“Be prepared to expand your mind. There are so many gifted content creators who focus on spirituality; try and find some who resonate with you. Be prepared to feed your spirit daily, and stay curious.”
“Try connecting with others in your life, and see if they have their own rituals or practices that stick out to you; mentorship and community within spirituality is greatly rewarding. The internet is also a powerful tool full of online communities and free knowledge regarding different ways to utilize everyday objects and environments to ground yourself and meditate. That said, it’s important to research the kind of medicines or practices you’re adopting to ensure sure you’re not appropriating other cultures or contributing to the colonial co-opting of certain practices. “
“Find people who are also on a spiritual journey, and ask if they would be willing to share what their spiritual journey has been like. Understand that your spiritual journey does not have to and likely will not look like anyone else’s. Also, do not assume that there is one spiritual path that is right for you; be open to learning about multiple traditions if you are called to do so.”
“However you identify and whatever divine entity you believe, allow yourself to explore. I was hellbent on things needing to be the ‘Christian way,’ and once I allowed myself to explore, it helped me a lot.”
On incorporating spirituality for healing into a daily routine
“My daily routine consists of morning meditations, spending time in nature, praying, talking to my ancestors, and talking to God. I notice immediately when I take days off from my spiritual practices, especially in this climate, so I try and stick with it.”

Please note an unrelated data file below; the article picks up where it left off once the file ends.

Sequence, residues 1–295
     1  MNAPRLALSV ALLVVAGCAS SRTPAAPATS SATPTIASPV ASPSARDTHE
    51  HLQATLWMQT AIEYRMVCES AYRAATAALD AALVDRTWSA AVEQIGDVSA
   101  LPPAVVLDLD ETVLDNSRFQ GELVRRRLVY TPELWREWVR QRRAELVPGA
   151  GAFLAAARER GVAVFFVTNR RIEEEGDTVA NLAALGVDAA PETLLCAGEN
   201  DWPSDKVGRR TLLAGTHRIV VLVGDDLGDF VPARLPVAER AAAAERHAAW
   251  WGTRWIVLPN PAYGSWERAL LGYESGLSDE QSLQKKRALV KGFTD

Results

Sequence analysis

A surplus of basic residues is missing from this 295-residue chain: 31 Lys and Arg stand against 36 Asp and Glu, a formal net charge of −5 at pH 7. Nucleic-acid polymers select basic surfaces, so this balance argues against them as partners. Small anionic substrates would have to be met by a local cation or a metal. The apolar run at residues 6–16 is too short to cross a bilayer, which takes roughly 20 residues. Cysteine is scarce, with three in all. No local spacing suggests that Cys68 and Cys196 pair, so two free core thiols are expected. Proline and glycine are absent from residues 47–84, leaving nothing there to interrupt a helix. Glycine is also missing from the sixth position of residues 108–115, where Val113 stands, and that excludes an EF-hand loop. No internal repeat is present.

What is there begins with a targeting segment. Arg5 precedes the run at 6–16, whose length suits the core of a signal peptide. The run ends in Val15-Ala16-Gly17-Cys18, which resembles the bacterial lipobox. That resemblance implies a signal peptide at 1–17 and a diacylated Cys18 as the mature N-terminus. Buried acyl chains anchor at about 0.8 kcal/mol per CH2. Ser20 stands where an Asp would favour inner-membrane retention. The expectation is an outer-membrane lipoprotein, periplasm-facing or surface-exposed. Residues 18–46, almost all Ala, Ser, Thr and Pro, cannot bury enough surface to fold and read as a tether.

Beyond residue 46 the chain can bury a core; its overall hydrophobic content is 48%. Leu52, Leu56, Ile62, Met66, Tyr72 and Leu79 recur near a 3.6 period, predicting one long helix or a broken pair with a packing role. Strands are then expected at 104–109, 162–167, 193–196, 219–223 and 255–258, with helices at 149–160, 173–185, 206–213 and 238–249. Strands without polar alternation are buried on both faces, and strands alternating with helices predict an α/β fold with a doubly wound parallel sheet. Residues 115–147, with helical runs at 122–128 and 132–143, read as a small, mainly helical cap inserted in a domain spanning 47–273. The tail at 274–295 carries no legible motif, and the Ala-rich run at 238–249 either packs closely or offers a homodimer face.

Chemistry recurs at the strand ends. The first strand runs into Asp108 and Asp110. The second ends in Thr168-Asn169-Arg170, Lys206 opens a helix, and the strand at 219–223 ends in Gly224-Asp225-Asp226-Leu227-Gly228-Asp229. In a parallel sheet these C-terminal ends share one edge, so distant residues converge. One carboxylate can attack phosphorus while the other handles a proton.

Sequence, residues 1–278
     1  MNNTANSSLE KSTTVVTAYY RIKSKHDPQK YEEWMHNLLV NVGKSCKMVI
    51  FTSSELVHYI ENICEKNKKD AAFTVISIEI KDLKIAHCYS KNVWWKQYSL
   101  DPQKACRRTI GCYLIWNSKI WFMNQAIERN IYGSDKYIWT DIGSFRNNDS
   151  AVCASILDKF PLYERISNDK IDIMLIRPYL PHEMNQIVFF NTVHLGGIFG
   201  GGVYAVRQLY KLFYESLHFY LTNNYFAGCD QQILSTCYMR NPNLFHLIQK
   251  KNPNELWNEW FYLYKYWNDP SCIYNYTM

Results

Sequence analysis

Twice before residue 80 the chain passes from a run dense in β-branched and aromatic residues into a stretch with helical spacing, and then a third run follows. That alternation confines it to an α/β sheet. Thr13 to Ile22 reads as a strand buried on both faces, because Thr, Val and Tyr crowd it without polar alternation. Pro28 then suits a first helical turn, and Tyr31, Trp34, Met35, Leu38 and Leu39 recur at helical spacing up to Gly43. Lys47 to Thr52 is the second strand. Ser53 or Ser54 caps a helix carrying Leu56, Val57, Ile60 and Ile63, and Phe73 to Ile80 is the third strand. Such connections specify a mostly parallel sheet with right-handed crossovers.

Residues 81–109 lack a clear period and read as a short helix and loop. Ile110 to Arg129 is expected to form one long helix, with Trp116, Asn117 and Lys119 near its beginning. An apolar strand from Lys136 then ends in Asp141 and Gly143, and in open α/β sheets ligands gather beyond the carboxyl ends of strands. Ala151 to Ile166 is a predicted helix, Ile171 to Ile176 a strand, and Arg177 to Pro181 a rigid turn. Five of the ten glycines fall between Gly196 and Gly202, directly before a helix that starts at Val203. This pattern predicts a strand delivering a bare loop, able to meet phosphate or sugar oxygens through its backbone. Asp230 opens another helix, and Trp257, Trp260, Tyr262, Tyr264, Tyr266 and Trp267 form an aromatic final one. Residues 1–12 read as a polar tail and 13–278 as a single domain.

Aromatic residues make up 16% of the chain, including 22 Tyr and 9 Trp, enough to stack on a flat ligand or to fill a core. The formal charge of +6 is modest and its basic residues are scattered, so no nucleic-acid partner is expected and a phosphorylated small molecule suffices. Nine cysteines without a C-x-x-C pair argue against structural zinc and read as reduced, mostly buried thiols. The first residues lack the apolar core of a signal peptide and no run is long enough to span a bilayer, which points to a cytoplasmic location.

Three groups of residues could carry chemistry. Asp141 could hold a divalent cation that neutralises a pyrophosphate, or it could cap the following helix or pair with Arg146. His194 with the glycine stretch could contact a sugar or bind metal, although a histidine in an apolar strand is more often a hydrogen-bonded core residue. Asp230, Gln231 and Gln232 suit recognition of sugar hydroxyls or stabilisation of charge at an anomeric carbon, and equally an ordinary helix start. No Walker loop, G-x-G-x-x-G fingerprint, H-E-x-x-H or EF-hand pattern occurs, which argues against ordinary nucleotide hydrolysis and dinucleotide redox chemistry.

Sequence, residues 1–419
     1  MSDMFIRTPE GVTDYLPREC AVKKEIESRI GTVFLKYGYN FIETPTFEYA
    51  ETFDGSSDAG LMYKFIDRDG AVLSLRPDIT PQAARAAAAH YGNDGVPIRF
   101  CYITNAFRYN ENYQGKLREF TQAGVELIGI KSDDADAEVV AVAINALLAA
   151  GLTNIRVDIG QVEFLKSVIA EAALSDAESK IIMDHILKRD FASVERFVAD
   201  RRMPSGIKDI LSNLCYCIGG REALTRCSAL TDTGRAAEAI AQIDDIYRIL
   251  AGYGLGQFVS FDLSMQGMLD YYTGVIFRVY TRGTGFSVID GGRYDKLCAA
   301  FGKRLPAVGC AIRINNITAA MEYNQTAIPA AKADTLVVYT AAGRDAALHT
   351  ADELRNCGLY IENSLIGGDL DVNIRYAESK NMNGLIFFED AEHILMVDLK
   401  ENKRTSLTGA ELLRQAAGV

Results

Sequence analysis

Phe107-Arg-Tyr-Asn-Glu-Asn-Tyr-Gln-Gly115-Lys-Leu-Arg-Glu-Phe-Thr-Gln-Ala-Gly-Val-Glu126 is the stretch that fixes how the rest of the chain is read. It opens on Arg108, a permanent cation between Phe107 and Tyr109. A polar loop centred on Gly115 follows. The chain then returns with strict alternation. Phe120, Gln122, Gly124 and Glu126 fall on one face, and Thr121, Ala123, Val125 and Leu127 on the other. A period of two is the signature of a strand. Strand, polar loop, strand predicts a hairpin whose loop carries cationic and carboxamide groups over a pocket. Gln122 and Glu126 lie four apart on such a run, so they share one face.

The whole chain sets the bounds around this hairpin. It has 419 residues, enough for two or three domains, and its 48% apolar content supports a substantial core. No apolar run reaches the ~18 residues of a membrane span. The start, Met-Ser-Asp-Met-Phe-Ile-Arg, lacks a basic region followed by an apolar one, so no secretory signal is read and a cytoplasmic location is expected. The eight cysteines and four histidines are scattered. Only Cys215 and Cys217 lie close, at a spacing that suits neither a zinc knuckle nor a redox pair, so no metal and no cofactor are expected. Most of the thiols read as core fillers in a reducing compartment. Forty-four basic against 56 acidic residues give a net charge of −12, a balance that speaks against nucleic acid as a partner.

“I say a mantra I learned from spiritual advisor Emilia Ortiz:
May my highest vibration guide me night and day.
May my ancestors protect me always.
May my blessing come in plentiful, like rain.
May my heart assist me in my growth every day .
May my love’s light always illuminate the way.
I also often take meditative baths with salt soaks or turn showers into a meditative space. In these moments, I imagine the water washing away any negativity, anxiety, or heaviness I am carrying in my body and mind. I try out different forms of these rituals, and when I feel relieved or grounded afterward, I stick to or revisit them later.”
“I meditate every evening and write down whatever visions I have while meditating. I light candles every evening as well. I sleep holding crystals that correspond with the energy I need. What works for me changes depending on what I’m going through. I can always tell when I’m feeling spiritually stagnant and need to switch things up.”
“I wake up, say a few prayers, or meditate. I keep lavender and eucalyptus around for their energy-cleansing properties. I make different sprays that I use for protection. [But] it doesn’t matter what you practice—consistency in anything is going to put you in a better place. Consistency in your spirit is important, too.”